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Hip Hop Extended Intro

November 5, 2012

Delores Fisher Reflections On Hip Hop

Ever have one of those summers? You know, a teenage girl with a father who seems to enjoy letting you know that he feels your every boy infested wandering thought? And a mother whose eagle eyes extend through the back of her head, around the corner, down the street, and into every conversation you have with your girls? Yea, one of those summers . . . My big brothers, high school athletic heroes who worked out until muscles pored through their T-shirts, worked as daddy’s enforcers, “BOYS BEWARE.”

My brothers’  icy stares could make my hippest boyfriend cringe in fear. My sister whose beauty and gleaming social tiara announced princess status, emanated young men and pubescent boy’s respectful reverence and smiles where ever she went kept my boyfriends in check with a saintly sisterly smile. “That is my baby sister, you know.” If they got past the front guard, they then had to meet my dad and ask for permission to date me one on one. Parental background/family checks usually left me dateless in the suburbs.

And,there was me, growing three inches that summer. My uncomfortably apparent social awkwardness drew an odd assortment of pubescent church boys, nerds, misfits, social activists and a nouveau riche socialites who kept our friendship in a deep closet of phone calls, and note passing in class or church, but no public dating once my siblings got wind of their interest in me. Add national racial, gender, and generational social-civil unrest,(read riots, picketing, protests); what a recipe for black suburban female adolescent angst. Retreating by degrees into music, my solace and weapon of choice, the summer of 1968 was barely tolerable.

That summer, switching my listening preference from Classical music and Motown to Stax, opened my aural world. The music experiment of Jim Stewart, his sister Estelle Axton and later Al Bell resulted in a local Memphis southern sound that eventually became global.1  Oh, I still enjoyed Mozart,Tchaikovsky, Beethoven, Diana, Eddie, Stevie, and Smokey, but once I heard Otis Redding’s, Sam and Dave’s voices, it was on.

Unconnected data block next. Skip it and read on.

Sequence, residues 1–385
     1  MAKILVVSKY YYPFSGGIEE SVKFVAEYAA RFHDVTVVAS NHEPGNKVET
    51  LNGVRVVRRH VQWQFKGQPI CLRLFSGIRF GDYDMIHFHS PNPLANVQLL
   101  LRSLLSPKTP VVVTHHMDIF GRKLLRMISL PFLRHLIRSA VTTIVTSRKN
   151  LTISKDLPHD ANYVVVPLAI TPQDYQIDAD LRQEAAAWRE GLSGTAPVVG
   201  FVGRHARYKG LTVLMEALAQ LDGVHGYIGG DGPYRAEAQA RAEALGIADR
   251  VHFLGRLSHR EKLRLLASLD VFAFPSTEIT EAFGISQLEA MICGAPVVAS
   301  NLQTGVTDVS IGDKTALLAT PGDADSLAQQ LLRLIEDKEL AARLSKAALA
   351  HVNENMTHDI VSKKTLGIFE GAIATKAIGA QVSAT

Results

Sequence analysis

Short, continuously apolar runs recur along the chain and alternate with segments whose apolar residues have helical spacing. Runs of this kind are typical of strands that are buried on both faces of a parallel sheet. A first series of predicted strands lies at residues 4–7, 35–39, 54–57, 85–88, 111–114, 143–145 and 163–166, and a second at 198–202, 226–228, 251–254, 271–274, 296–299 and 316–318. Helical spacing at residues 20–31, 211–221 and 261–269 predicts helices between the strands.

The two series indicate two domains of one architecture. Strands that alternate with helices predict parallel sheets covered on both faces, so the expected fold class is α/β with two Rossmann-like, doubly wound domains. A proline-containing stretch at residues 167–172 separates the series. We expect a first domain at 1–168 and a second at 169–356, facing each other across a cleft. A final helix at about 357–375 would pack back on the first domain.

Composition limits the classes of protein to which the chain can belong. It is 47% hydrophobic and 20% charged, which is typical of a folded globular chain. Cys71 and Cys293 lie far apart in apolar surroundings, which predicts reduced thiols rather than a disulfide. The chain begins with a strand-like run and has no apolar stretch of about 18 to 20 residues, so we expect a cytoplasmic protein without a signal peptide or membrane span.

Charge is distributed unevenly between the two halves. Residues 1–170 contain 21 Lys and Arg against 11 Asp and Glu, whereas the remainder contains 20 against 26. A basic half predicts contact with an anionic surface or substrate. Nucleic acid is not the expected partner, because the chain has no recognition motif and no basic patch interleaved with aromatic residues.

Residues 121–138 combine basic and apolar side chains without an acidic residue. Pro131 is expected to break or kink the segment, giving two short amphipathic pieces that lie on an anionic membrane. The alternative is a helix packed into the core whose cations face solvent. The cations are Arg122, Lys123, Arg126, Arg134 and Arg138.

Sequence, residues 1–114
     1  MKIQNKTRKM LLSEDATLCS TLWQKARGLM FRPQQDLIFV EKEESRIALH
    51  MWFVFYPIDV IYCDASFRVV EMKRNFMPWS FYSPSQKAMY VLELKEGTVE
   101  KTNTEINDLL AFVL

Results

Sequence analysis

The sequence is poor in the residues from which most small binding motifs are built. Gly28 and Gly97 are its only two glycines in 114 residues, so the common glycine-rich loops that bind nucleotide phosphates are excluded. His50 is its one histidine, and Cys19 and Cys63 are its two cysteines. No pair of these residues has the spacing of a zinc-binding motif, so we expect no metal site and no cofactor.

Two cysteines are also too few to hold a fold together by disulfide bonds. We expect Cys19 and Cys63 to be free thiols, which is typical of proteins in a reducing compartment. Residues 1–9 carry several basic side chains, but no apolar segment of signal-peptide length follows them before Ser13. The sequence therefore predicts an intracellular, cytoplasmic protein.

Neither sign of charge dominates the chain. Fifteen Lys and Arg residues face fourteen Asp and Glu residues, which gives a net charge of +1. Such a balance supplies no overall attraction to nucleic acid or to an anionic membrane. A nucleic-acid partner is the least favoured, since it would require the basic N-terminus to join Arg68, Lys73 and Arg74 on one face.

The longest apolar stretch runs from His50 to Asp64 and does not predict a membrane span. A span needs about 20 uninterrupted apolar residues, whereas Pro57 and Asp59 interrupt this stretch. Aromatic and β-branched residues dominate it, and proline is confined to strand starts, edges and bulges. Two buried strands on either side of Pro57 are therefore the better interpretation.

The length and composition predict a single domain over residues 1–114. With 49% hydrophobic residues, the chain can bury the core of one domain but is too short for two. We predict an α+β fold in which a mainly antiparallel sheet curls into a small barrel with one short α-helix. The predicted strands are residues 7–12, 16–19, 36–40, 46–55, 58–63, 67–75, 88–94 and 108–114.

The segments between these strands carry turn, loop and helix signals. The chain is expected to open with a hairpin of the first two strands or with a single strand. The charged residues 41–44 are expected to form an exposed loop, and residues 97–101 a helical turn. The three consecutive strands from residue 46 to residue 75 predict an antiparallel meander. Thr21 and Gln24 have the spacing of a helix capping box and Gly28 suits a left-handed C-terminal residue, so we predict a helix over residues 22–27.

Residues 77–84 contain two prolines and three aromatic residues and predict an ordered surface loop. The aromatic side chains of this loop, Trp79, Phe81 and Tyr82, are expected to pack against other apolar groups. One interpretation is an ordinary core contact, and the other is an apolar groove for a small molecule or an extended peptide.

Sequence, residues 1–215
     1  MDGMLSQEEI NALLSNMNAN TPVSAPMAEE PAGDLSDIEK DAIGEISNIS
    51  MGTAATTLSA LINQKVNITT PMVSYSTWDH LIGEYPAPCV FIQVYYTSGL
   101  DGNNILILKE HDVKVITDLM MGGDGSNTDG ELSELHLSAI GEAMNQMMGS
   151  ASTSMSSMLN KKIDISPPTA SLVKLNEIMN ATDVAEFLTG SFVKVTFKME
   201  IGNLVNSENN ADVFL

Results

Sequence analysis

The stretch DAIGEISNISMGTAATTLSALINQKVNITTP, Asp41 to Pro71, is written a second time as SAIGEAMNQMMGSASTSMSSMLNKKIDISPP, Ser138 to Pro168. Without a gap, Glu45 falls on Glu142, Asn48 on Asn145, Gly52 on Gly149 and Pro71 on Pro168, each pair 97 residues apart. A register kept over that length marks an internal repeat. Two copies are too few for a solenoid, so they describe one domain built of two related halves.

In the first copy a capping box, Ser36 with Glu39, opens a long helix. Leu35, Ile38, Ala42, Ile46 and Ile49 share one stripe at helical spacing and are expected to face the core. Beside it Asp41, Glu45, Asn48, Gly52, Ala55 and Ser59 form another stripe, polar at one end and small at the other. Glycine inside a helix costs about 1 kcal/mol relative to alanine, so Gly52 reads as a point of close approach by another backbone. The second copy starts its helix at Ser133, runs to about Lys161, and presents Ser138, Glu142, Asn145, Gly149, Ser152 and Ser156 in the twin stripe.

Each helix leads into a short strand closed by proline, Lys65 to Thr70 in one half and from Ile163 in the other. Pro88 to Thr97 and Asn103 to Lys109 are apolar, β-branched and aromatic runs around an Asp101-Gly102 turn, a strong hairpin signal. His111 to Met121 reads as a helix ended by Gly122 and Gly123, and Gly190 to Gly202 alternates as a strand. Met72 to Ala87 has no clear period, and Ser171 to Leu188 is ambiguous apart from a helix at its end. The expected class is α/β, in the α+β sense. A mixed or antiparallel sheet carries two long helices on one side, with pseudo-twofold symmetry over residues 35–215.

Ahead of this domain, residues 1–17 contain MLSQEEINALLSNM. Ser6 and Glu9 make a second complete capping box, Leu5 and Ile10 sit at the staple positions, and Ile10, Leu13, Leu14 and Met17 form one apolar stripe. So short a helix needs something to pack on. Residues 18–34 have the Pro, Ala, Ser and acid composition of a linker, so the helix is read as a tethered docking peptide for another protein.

Otis Redding could sing a dance tune so hard, dancing tone’s own part groove all across the living room when no one was home was way far “legit.” He could also wail a ballad to sing along to when your love had done you wrong.

Of course you know Kanye and JayZ’s take on this classic song. They appreciate a classic soulful tune too:

Now, Sam and Dave . . . .whoooooooooooooo.

Sam and Dave’s voices were not the polite suave sound of our suburban surroundings.  Their raw, gravelly masculinity resonated an emotional realness of southern African American musical aesthetics . Their sound sang late night prayer meetings,  family evenings singing a capella old metered Dr. Watt’s hymns in stifling heat, wooden plank porches, pallets on life-worn  floors, chittlin’s, community picnics with peach cobblers, church fish fries,  juke joint gin, corn pones and greens. They sweated dancing on your stage. They opened their collars and sometimes loosened a few shirt buttons. Sam and Dave were like . . . . James Brown times two before his funked out sound and persona on “The Payback” and “Rapp Payback”!

They sang HARD!!! It wasn’t always pretty; it was singing with a heart -edge on the real of scarring experiences. And Booker T and the MG’s instrumental back up created a house band groove that was part rock, part blues, with chicken smothered with onions and gravy plus some butter biscuits early southern Funk.2

The Stax sound, a racial collaboration, was edgy, youthful, party, plaintive, love embracing and angst driven. It was born in a region where freedom songs dared to challenge the norm of oppression. Its raw grittiness was one contributing sonic essence that breathed across decades onto northern urban  Hip Hop and Rap(for instance Linda Lydell’s  “What A Man”) .

And of course the Salt and Peppa and En Vogue blockbuster hip hop flavah remake:

 

Stax Records dared to glow bright against a hell storm of racial hatred and gender oppression. It’s flow is present in historic and today’s Rap. Our world was very different then. . .Or was it?

Delores Fisher Reflections on Hip Hop

Remembering . . .Musewoman, Delores Fisher

1. Rob Bowman, “Stax,” in African American Music: An Introduction (Part II Issues of Mass Mediation), eds. Mellonee V. Burnim and Portia Maultsby, (New York: Routledge, 2006), 452-489.
2. Ibid., 457. Isaac Hayes and the Memphis Horns also contributed to Stax’s south Memphis sound.

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9 Comments
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    Like

    • “Delta”

      Keep researching. Quite a few books and websites exist now that offer valuable info.
      You could contribute to the growing discipline as a future scholar. Hope the presentation went well.

      Delores Fisher
      Musewoman

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